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We're pleased to announce that all three books in the Dreamslippers Series have been inducted into the Indie Missouri program, a collection of books from local indie authors available exclusively on the BiblioBoard Library mobile and web platform. This collection is available to patrons of participating libraries across the state.

It's an honor to be included in such a great program. I'm all in favor of any effort to broaden the offerings beyond what is controlled by the New York-focused traditional publishing establishment. What's found to be exciting and important to those of us in this "flyover" state might not always match what plays in New York.

Speaking of which, the first book in the series, Cat in the Flock, takes place in the bi-state area of Missouri and Illinois around St. Louis, where I lived from about junior high to early adulthood, the place I've returned to live now.

Tap or click the book covers below to find each book in the Indie Missouri list. Merry Christmas, and happy reading!

BRAG medallion ebook CAT IN THE FLOCK

Framed and Burning w Medallion

BOUND TO THE TRUTH 1400x2240 indieBRAG

 


The End of the Dream(slippers): Year in Review

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Image courtesy of Pixabay.

When I set out to write the Dreamslippers series back in 2012, the self-publishing business was still bright, shiny, and promising.

Still, I wasn't sure if I'd go that route. I had to be convinced, and I was, in the end--by research that showed you had a better chance of making a living as a fiction writer if you went indie. Around a very demanding day job, it took me two years to write the first book. During that time, I shopped it around to agents and editors in traditional publishing, and I had an incredible amount of interest--just no follow-through. I worked on the book, getting a ton of feedback from alpha and beta readers--as well as some of those agents--and revising over and over. It wasn't my first book; I'd had an agent back in 2005 who shopped a short-story collection around. I'd honed my skill since then and felt confident about the manuscript. I talked to a lot of people, authors and agents and marketers and others. It seemed to make the most sense to take a leap into self-publishing.

Cat in the Flock performed well, enough to warrant further attention. A celebrity Hollywood director reached out to me about rights, I was interviewed by the Seattle Weekly, and I won my first indieBRAG medallion. This despite a homemade book cover and struggles with Amazon's category algorithms, which plunked the book in "pet noir" because of the title. 'Cat' referred to the protagonist's nickname, a shortening of her full name, Cathedral. There are no felines in the book.

FINAL COVER ART CATINTHEFLOCK

The original cover for Cat in the Flock.

Perhaps most important to me, the book was reviewed well by people whose opinions I trusted. The writers Jon Talton, Mary Daheim, and Corrina Wycoff all contributed praiseful blurbs. None other than the venerable Kirkus Reviews called it "a mystery with an unusual twist and quirky settings; an enjoyable surprise for fans of the genre."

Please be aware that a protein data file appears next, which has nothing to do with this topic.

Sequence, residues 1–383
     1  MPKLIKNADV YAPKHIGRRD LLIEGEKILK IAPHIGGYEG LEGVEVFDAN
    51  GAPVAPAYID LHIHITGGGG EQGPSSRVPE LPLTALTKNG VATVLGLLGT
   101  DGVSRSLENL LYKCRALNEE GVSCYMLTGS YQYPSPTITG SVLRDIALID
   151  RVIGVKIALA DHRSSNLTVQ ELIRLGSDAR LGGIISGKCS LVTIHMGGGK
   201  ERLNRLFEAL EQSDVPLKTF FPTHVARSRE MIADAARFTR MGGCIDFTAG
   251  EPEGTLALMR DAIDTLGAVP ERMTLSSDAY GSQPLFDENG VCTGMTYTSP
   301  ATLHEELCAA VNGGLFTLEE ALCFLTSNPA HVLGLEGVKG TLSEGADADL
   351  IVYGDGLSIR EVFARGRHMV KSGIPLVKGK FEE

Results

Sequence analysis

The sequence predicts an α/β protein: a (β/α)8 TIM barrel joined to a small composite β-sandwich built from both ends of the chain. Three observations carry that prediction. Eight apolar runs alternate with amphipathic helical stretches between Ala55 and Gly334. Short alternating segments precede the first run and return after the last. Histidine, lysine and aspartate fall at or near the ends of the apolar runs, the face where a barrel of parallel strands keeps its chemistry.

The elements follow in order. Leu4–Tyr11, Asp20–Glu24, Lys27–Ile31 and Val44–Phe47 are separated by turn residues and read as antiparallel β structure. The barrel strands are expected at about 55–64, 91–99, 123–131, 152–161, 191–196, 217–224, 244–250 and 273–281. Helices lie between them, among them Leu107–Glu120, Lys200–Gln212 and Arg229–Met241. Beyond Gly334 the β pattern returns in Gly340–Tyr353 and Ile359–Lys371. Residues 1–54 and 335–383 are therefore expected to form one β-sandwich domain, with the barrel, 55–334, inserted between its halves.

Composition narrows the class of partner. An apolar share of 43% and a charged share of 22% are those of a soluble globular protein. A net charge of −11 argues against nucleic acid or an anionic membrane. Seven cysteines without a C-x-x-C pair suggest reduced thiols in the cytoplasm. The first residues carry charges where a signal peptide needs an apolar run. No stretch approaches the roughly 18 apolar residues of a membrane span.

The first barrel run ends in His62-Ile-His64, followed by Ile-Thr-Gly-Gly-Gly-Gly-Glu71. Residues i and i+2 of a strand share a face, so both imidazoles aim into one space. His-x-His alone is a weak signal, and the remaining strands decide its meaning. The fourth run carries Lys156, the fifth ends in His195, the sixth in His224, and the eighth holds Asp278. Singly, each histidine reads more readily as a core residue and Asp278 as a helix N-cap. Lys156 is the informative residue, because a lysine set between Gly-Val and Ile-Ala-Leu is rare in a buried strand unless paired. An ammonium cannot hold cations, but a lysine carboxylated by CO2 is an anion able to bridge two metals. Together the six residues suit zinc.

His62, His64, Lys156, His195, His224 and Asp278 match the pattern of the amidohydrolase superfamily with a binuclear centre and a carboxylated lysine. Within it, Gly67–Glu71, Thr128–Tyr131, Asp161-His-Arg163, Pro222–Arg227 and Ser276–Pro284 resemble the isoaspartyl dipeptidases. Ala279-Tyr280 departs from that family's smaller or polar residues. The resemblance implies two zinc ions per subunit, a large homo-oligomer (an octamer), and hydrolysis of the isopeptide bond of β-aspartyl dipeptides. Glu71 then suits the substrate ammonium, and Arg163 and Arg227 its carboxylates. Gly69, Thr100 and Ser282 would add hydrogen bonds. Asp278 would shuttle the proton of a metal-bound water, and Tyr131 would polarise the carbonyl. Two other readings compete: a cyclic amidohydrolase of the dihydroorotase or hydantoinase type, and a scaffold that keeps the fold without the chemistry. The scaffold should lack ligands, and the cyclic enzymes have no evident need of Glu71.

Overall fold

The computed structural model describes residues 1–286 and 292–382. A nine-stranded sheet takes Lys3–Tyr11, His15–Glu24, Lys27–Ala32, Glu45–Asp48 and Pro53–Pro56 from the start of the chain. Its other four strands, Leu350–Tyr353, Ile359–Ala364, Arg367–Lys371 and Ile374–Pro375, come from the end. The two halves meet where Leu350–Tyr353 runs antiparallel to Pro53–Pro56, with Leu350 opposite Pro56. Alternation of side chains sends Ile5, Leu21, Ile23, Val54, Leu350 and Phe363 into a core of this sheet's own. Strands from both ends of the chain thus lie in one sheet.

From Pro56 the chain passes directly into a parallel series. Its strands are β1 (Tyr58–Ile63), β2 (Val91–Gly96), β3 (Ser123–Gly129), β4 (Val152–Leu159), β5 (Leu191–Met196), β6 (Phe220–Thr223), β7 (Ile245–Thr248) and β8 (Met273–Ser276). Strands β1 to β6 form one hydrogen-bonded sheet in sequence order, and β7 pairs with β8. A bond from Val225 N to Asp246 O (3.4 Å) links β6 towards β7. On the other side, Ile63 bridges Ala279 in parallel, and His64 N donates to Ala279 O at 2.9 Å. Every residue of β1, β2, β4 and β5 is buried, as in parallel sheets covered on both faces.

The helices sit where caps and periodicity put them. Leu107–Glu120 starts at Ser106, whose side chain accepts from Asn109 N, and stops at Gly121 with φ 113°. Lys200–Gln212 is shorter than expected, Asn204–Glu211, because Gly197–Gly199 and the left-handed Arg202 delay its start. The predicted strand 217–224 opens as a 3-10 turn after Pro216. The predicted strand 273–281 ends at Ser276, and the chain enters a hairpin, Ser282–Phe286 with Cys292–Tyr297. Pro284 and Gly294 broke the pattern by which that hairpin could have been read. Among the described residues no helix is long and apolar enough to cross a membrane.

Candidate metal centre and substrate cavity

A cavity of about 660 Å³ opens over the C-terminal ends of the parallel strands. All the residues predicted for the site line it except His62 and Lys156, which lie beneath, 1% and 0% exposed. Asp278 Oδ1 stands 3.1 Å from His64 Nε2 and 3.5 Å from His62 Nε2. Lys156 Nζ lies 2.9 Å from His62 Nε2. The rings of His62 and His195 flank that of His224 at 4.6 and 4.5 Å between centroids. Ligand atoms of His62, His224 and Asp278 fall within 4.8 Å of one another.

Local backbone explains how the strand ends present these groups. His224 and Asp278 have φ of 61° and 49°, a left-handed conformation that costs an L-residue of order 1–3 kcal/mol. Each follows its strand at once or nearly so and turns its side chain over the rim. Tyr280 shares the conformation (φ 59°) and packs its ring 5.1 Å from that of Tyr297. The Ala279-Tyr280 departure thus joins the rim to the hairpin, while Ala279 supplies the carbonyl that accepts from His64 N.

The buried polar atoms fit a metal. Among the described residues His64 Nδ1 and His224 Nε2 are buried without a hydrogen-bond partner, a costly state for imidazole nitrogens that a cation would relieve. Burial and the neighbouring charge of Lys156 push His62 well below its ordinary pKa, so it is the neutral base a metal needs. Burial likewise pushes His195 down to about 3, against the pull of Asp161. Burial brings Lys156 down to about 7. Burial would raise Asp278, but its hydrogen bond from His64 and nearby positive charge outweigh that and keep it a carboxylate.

According to some successful indie authors I've talked to, what I should have done right then was release two more books that year and keep going as fast as I could.

But I didn't. Writing and releasing Cat around the day job (and my own wedding, by the way) had been exhausting. So instead, I took a poetry manuscript out of a drawer and published that, too. Half the poems in Broom of Anger had already appeared in literary journals, and for some of them, I'd won awards. I was curious to see how it would do.

Broom of anger

It probably won't surprise you to learn that sales were pretty much non-existent. Poetry is a tough enough sell for traditionals, and self-published poetry, no matter the quality of the work nor the stature of the authors contributing blurbs, is a non-starter.

But I persevered. My husband and I had a change in our living situation when he was offered an opportunity to steer a grant at a small college in a small town... And the semi-rural life held appeal for us both. I stepped down from my management position at the day job and dropped to four days per week, which I would work remotely, from the small town. I hoped this would provide more time for the novel series.

I'd published Cat in late July of 2014 and followed it with Framed and Burning in the fall of 2015. From first draft to release, it took me nine months.

There's a lot that goes into self-publishing that takes up time. You could think of an iceberg, how you see only 1/3rd of it, the part above the water. The other 2/3rds of being an indie is everything ranging from reviewing voice actor demos for your audiobook to formatting the actual manuscript to writing a marketing plan. Most of it has nothing to do with the actual writing.

Framed and Burning garnered a good deal of critical success, most notably as a finalist for the Nancy Pearl Book Award. A huge fan of the celebrity librarian, I was awash with honor over that nomination. But the top prize went to a traditional author who already had a long list of such awards. I won a second indieBRAG and was nominated for a RONE Award, but sales were just okay.

FRAMED AND BURNING IndieBRAG 2

I'd worked diligently to professionalize my novel-writing business, forming an LLC and hiring professional editors, a book cover artist, marketing consultants, and so on. I researched social media, tried to get good at it, and bootstrapped as much as I could, making lovely connections in my small town, where people still treat writers as if we're at least minor celebrities.